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Dr Diana R Holdright
MD, FRCP, FESC, FACC, MBBS, DA, BSc

Consultant Cardiologist

Dr Diana Holdright
 
 

Cardiac Conditions - Hypertension

High blood pressure (hypertension) is a very common condition, affecting 30 to 40% of all adults in the UK, and around 70% of people over 70 years of age.  There is a direct relationship between the incidence of coronary artery disease and stroke and high blood pressure readings; it is estimated that between 25 and 50% of coronary artery disease cases and 75% of stroke cases are due to raised blood pressure, and high blood pressure doubles a patient’s risk of a heart attack. Both the top reading (systolic) and bottom reading (diastolic) are important; for adults aged between 40 and 69 years every 20 mmHg increase in systolic or 10 mmHg increase in diastolic blood pressure doubles the risk of death from coronary artery disease. 

The latest British Hypertension Society guidelines* define normal blood pressure as <130/<85 mmHg. Optimal blood pressure level is now classified as <120/<80 mmHg, and people with high-normal blood pressures (130-139/85-89 mmHg) should be reassessed on an annual basis. Drug treatment should be considered for individuals with blood pressures of 140/90 mmHg or higher; for people on antihypertensive therapy targets are <140/<85 mmHg (<130/<85 mmHg in people with diabetes).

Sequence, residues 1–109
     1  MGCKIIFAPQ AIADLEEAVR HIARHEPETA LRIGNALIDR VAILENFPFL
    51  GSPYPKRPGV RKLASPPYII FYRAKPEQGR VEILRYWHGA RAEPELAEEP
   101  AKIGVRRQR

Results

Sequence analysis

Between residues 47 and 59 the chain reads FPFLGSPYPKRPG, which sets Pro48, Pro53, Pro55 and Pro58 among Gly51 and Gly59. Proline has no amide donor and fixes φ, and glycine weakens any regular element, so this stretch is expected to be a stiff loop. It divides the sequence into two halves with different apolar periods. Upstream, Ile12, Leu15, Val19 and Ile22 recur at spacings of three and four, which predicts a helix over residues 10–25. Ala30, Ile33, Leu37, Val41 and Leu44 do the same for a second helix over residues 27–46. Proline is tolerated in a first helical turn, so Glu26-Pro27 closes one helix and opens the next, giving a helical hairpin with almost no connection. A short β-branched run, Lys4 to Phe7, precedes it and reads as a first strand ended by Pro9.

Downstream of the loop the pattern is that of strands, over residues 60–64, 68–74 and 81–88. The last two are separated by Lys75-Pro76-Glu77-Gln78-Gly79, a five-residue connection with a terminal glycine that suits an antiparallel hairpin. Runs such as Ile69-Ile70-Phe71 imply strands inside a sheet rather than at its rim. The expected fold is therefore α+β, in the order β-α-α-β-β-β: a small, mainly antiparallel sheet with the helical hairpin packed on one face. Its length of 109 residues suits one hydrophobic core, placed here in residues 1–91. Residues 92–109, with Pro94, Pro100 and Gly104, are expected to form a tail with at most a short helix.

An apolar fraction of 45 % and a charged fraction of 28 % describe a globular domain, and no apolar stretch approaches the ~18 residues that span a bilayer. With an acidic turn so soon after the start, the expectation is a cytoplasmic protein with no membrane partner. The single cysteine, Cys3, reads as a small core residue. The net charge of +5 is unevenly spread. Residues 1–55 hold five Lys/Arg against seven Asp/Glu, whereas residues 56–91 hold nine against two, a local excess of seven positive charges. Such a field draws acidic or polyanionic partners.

Blood pressure can be lowered by lifestyle changes and drug therapy.  In most patients there are aspects of lifestyle that can be improved to lower blood pressure, such as weight loss, an increase in physical activity, and a reduction in salt and alcohol intake.  There are also several different types of medicine which can lower blood pressure (antihypertensives); typically more than one drug is required to bring the blood pressure to within recommended limits, and treatment is generally lifelong.

* Bryan Williams, Neil R Poulter, Morris J Brown, Mark Davis, Gordon T McInnes, John F Potter, Peter S Sever, Simon McG Thom; the BHS guidelines working party, for the British Hypertension Society. Guidelines for hypertension management 2004 (BHS-IV): Summary

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